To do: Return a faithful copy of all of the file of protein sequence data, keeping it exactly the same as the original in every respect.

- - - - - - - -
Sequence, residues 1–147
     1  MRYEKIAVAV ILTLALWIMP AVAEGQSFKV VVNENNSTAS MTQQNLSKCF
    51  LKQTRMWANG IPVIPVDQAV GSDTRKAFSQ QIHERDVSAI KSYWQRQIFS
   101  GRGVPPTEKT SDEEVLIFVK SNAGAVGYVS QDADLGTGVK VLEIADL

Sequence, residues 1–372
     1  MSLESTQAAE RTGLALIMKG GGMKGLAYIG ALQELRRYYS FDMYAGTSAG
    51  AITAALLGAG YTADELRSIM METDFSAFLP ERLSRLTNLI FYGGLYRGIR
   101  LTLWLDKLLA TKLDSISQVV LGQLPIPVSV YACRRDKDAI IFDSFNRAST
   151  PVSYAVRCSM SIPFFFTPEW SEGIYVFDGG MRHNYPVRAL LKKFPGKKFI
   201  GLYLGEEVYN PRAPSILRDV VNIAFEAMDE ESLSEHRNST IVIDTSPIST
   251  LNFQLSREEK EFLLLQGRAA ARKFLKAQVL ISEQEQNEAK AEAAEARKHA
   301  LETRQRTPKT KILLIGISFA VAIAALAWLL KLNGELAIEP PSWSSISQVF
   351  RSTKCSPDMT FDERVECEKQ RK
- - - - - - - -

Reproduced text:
Sequence, residues 1–147
     1  MRYEKIAVAV ILTLALWIMP AVAEGQSFKV VVNENNSTAS MTQQNLSKCF
    51  LKQTRMWANG IPVIPVDQAV GSDTRKAFSQ QIHERDVSAI KSYWQRQIFS
   101  GRGVPPTEKT SDEEVLIFVK SNAGAVGYVS QDADLGTGVK VLEIADL

Sequence, residues 1–372
     1  MSLESTQAAE RTGLALIMKG GGMKGLAYIG ALQELRRYYS FDMYAGTSAG
    51  AITAALLGAG YTADELRSIM METDFSAFLP ERLSRLTNLI FYGGLYRGIR
   101  LTLWLDKLLA TKLDSISQVV LGQLPIPVSV YACRRDKDAI IFDSFNRAST
   151  PVSYAVRCSM SIPFFFTPEW SEGIYVFDGG MRHNYPVRAL LKKFPGKKFI
   201  GLYLGEEVYN PRAPSILRDV VNIAFEAMDE ESLSEHRNST IVIDTSPIST
   251  LNFQLSREEK EFLLLQGRAA ARKFLKAQVL ISEQEQNEAK AEAAEARKHA
   301  LETRQRTPKT KILLIGISFA VAIAALAWLL KLNGELAIEP PSWSSISQVF
   351  RSTKCSPDMT FDERVECEKQ RK